Neck Pain and Cervical Radiculopathy

Dr. Felix Roque, is a specialist in pain management, director of the department of pain management at Saint Mary’s hospital, scientific advisor for Vida Medical Center, lecturer and educator of other physicians nationally and internationally and companies about their innovative techniques; specializes in spinal surgical procedures and minimally invasive laser surgery for the treatment of diseases of the spine and their triggering pain.

This is a summary of a recent Dr. Roque’s conference in reference to the new techniques which have changed and revolutionized the treatment of neck pain and low back pain.
“Two-thirds of the population have neck pain at some point in their lives
and affects about 330 million people globally.”

neck painNeck pain (or cervicalgia) is one of the most common medical problems, with two-thirds of the population having neck pain at some point in their lives. It has been estimated that neck pain affects about 330 million people globally as of 2010 (4.9% of the population). It is more common in women (5.7%) than men (3.9%).
Neck pain, although felt in the neck, can be caused by numerous other spinal problems. Neck pain may arise due to muscular tightness in both the neck and upper back, or/and pinching of the nerves emanating from the cervical vertebrae. Joint disruption in the neck creates pain, as does joint disruption in the upper back. It is in the setting of the pinching of the nerves that the term Cervical radiculopathy is derived and in definition, it is a damage to nerve roots that is caused by inflammation and compression of cervical nerves located in the neck area. Patients suffering from this condition generally experience pain in the neck and upper extremities, along with motor problems, muscle weakness, a loss of sensation in different upper body regions, and numbness and tingling of the hands, fingers, or skin. Regions in which pain is typically felt in addition to the neck include the arms, chest, shoulders, and upper back.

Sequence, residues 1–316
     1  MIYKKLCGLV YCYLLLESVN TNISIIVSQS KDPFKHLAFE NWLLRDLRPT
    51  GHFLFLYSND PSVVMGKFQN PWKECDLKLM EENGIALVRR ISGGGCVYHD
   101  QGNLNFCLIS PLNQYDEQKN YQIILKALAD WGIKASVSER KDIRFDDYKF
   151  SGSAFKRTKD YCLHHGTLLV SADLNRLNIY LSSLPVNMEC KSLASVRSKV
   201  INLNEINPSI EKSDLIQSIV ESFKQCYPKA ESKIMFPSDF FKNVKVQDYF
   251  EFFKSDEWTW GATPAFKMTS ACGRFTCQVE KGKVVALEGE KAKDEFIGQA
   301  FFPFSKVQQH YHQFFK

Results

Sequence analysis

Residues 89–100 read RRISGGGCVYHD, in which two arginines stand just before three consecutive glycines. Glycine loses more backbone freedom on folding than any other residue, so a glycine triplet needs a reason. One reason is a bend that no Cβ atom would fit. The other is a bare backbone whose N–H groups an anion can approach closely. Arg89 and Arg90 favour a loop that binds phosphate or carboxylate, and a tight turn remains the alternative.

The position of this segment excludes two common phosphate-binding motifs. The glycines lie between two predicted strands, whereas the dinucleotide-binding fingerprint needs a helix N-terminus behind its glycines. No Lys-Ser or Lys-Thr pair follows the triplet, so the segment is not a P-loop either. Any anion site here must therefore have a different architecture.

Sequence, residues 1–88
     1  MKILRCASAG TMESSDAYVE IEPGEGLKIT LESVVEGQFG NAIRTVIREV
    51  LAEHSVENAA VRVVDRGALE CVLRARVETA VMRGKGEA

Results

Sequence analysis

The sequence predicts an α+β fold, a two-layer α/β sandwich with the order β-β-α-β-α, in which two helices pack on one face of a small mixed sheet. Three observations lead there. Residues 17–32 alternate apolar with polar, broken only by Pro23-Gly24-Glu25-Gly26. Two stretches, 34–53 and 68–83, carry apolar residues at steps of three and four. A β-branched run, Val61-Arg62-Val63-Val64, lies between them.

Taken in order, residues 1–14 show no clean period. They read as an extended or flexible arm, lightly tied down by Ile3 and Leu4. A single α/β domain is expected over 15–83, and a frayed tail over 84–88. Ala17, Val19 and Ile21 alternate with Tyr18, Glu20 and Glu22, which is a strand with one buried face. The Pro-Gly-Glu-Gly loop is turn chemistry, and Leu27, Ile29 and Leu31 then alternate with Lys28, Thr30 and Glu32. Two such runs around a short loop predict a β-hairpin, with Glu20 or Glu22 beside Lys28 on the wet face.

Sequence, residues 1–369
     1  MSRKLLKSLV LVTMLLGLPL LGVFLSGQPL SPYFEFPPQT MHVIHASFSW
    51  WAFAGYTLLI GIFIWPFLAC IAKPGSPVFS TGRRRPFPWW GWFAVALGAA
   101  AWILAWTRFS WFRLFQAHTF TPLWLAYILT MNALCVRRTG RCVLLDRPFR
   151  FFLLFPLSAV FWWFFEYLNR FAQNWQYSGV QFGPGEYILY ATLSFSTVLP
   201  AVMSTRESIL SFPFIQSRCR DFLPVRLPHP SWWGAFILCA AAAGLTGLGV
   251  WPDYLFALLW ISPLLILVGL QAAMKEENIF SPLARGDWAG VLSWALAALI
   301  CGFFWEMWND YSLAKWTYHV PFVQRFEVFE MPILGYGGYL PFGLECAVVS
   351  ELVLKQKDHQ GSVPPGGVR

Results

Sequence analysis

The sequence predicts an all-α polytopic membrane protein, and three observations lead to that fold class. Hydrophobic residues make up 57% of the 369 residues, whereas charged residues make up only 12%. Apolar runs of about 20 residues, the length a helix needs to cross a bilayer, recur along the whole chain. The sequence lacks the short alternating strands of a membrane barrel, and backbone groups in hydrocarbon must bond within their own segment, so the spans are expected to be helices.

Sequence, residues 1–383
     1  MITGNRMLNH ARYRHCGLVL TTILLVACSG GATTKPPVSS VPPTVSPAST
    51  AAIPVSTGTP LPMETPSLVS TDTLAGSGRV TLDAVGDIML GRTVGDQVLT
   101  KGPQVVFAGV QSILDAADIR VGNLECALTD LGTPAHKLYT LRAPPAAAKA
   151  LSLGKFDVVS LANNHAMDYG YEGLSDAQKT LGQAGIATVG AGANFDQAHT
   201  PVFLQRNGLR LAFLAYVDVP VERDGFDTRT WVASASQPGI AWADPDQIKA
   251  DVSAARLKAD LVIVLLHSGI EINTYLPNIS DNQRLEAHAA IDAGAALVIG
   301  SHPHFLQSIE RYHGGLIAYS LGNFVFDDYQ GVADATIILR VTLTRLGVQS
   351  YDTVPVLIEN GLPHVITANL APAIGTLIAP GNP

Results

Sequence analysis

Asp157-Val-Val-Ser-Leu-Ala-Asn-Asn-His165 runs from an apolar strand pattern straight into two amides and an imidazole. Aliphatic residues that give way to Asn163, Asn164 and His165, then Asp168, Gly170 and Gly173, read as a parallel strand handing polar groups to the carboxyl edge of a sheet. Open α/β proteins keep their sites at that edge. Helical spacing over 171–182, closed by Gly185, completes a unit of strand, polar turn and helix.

Initial forms of treatment typically involve a combination of physical therapy and pain-relieving medication, such as anti-inflammatory medicine (e.g., oral or injected steroids) or non-steroidal pain medicine (NSAIDs). If chronic pain is present due to significant compression of the nerves, more intensive procedures such as steroid injectionsCervical facet medial nerve radiofrequency ablation, Laser Discetomies, and/or nerve blocks may be recommended.  

 What are the Causes of Cervical Radiculopathy?

cervical radiculopathyOne of the most common conditions that cause cervical radiculopathy is cervical disc herniation. However, there are additional causes such as spinal disc degeneration (e.g., spondylarthrosis), arthritis, nerve injuries, and ruptured discs, cervical facet disorders, as well as tumors and spinal infections, which are the least common causes. Smoking has even been indicated as a potential risk factor for cervical radiculopathy.
Diagnosis of this condition can be determined by several methods such as magnetic resonance imaging (MRI) and electromyography, which helps clinicians rule out other potential problems. Tests such as the shoulder abduction test (SAT), the Spurling test (ST), and the upper limb tension test (ULTT) are also being increasingly used to diagnose cervical radiculopathy. These tests are used to evaluate nerve root pain.
Some of the most common causes of Cervical Radiculopathy are stress, fatigue or lack of sleep, hormones, food, medical problems, and trauma.

What is the Treatment for Cervical Radiculopathy?


 The most common forms of treatment for cervical radiculopathy include:

    • Opioids
    • Nerve block
    • Laser Disc Surgery (Performed for a Herniated Disc)
    • Laminectomy (Commonly Performed for Spinal Stenosis)
Opioids are pain-relieving medications such as morphine, oxycodone, and codeine that are stronger than pain medications such as ibuprofen or acetaminophen. If the pain and inflammation that is caused by cervical radiculopathy becomes chronic or is unresponsive to high doses and even prescription strength doses of ibuprofen or acetaminophen, opioids may be prescribed instead.
Opioid treatment is generally short-term as prolonged consumption may lead to dependence, drug abuse, or even overdose. Furthermore, the administration of opioids is closely monitored, and different treatment options are recommended if pain continues to reemerge during opioid treatment.

The cervical steroid infiltrations and epidural steroid infiltrations are similar techniques that involve using a needle to inject medication into the region where affected nerve roots are located. For a cervical injection, medication is administered between vertebrae in the neck region, while medication can be administered in different locations for epidural injections, such as through the middle of the back, the lower back, and the side of the spinal vertebrae. Both procedures entail injecting a steroid that reduces inflammation, and an anesthetic that leads to the reduction or elimination of pain.